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Creators Unsure About X’s Revenue Potential as Numbers Drop

Elon Musk’s attempts to woo creators onto X is reportedly an uphill battle.

As The Wall Street Journal (WSJ) reported Sunday (March 24), Musk met with creators soon after acquiring the social media platform — then still known as Twitter — to find out how at make them happy. He also wanted to know how YouTube draws in creators. 

Among the creators was podcaster Samir Chaudry, who told Musk that YouTube had an established system for creators to earn money via ad revenue. Speaking to WSJ, Chaudry said that X’s strategy for creators remains unclear.

“They have to start showing us the path to building a business on the platform,” he said.

The report noted that while X has an ad-revenue-sharing program for creators, it still trails platforms like YouTube, TikTok and Instagram as a creator designation. Some creators told WSJ that X’s advertiser struggles have made the platform less attractive. Others say payments are inconsistent.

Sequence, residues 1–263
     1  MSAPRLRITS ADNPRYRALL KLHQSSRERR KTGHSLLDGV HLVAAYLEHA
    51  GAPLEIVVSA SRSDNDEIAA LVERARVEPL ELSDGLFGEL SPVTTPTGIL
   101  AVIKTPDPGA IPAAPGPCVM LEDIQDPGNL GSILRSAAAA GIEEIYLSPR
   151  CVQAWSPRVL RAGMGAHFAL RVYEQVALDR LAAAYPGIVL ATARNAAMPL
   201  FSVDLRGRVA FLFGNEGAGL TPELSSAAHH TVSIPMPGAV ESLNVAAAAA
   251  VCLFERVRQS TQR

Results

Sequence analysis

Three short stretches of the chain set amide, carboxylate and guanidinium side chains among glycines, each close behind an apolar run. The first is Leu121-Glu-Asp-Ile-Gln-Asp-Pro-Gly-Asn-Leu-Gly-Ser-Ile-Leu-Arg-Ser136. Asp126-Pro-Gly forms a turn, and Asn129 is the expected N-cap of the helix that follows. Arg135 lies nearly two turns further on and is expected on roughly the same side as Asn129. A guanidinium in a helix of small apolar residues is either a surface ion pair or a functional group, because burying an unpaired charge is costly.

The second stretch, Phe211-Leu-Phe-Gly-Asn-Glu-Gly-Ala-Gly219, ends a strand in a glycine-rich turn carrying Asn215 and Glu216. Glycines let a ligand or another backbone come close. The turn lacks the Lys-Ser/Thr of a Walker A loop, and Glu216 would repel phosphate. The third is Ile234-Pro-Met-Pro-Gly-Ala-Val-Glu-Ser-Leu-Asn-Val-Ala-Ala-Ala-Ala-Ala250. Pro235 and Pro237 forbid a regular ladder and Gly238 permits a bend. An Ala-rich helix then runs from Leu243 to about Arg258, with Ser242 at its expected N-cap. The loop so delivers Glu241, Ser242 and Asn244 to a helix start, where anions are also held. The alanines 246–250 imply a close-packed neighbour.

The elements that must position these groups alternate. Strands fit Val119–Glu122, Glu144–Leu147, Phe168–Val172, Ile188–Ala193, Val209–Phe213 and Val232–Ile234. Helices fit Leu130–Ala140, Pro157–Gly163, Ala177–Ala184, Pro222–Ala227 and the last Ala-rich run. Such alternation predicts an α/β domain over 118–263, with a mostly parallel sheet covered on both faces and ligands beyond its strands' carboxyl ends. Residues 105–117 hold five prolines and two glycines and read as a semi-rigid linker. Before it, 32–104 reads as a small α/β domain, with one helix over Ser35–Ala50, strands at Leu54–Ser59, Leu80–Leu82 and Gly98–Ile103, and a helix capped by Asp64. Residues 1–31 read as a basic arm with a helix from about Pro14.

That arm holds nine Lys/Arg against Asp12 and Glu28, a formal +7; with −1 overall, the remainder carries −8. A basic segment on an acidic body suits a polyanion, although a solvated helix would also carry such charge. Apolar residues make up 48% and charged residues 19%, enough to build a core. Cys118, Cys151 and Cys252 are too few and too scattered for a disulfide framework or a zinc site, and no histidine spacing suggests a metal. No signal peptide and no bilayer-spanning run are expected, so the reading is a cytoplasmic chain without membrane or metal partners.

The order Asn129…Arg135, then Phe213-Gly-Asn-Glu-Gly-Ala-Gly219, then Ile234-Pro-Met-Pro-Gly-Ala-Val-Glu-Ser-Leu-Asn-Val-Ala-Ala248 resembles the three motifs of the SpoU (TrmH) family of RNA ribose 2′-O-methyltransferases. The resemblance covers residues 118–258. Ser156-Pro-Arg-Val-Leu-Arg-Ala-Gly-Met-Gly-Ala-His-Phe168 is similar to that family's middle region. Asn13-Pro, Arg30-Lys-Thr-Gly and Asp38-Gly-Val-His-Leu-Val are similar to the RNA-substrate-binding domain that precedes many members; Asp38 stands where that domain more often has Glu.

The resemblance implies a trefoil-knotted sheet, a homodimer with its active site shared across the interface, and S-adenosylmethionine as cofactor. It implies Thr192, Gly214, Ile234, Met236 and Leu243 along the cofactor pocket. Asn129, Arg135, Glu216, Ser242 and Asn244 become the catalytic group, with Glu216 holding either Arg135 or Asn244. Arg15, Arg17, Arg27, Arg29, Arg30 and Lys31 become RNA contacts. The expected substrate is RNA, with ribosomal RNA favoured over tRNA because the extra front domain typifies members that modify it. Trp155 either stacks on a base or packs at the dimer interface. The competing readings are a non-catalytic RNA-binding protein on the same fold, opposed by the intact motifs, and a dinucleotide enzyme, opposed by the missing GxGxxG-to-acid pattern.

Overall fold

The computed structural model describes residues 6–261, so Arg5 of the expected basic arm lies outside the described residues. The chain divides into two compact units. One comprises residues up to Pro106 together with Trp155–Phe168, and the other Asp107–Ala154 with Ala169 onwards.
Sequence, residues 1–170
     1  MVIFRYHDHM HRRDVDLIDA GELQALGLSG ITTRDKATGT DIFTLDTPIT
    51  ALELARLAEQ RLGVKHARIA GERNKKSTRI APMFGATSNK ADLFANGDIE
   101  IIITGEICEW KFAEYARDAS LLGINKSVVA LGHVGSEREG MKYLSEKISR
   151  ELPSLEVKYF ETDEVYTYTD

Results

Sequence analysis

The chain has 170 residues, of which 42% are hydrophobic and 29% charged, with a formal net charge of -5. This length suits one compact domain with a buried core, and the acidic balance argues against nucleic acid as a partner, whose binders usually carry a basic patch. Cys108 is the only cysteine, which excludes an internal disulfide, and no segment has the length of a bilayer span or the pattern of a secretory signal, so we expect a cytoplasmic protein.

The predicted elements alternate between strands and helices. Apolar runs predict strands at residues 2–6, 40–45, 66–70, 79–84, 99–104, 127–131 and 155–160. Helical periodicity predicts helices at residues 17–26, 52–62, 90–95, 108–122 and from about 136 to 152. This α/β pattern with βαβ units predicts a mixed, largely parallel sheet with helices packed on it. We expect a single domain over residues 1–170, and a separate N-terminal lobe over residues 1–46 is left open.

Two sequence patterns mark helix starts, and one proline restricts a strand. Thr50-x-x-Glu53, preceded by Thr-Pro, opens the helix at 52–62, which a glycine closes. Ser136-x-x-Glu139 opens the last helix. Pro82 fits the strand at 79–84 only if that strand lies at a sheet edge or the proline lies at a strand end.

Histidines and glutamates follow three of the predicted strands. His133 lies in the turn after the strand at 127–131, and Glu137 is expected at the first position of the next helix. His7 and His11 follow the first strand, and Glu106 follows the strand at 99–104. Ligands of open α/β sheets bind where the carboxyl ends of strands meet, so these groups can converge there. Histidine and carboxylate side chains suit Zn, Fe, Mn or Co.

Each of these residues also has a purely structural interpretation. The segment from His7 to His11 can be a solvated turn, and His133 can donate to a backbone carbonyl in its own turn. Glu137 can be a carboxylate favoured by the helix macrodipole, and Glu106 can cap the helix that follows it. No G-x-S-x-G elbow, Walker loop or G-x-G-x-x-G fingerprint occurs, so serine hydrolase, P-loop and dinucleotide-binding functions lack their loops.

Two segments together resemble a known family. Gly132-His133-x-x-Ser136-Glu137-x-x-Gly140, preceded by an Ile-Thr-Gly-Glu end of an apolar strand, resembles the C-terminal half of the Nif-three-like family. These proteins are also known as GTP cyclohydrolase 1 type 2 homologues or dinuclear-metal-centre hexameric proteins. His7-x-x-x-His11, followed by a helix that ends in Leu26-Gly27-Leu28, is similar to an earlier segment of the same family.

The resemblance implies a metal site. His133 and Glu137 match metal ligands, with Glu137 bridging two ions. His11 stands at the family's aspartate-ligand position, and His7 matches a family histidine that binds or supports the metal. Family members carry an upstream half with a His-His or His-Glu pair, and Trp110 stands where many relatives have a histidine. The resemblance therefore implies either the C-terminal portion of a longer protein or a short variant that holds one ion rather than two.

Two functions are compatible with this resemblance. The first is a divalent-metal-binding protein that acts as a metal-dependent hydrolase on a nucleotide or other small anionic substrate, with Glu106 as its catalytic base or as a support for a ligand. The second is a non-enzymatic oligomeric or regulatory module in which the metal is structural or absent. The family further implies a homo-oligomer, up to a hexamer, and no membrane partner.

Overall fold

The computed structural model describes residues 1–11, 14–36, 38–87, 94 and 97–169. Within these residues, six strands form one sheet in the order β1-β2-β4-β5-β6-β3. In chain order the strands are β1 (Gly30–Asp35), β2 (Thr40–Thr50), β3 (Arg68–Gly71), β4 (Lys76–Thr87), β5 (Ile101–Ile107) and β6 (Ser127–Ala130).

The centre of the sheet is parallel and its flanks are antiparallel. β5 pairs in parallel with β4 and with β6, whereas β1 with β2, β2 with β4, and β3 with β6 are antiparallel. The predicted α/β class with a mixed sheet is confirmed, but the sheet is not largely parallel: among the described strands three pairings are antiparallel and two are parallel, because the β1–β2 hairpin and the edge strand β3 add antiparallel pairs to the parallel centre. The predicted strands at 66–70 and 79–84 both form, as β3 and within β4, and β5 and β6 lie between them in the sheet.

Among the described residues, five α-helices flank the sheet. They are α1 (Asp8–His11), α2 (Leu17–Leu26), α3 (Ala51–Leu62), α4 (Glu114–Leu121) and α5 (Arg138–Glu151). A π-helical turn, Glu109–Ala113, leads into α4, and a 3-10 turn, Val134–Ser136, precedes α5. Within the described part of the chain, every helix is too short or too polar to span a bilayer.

“We all still use it every day,” Chaudry said about X, adding, “If we’re going to post original content there, I think we need to understand the path to success.”

According to WSJ, Musk has acknowledged X’s advertising challenges, posting last year that there was not “much we can do if advertisers boycott or reduce spend on our platform.”

And Musk said in a recent interview with journalist Don Lemon that nearly all advertisers are returning to X and that the platform’s advertising and subscription revenues are climbing rapidly, without offering exact figures.

Last week saw a report by NBC News — citing data from Sensor Tower — that X had 27 million daily active mobile users in February, an 18% drop from the previous year. The company’s U.S. user base has been flat or down each month since November 2022, the first full month of Musk’s ownership, and is down a total of 23% since then.

Meanwhile, PYMNTS last week looked at the way social media platforms are integrating purchasing into their platforms.

“These apps and websites, once just avenues for sharing updates and connecting with friends, have become robust eCommerce ecosystems,” the report said. “From Facebook and Instagram to TikTok and Pinterest, these platforms have been integrating shopping functionalities, blurring the lines between social networking and online shopping.”

However, penetration remains relatively low, so far, with PYMNTS Intelligence showing that while 43% of consumers browse social media for goods and services, just 14% ultimately purchase those goods and services via social media.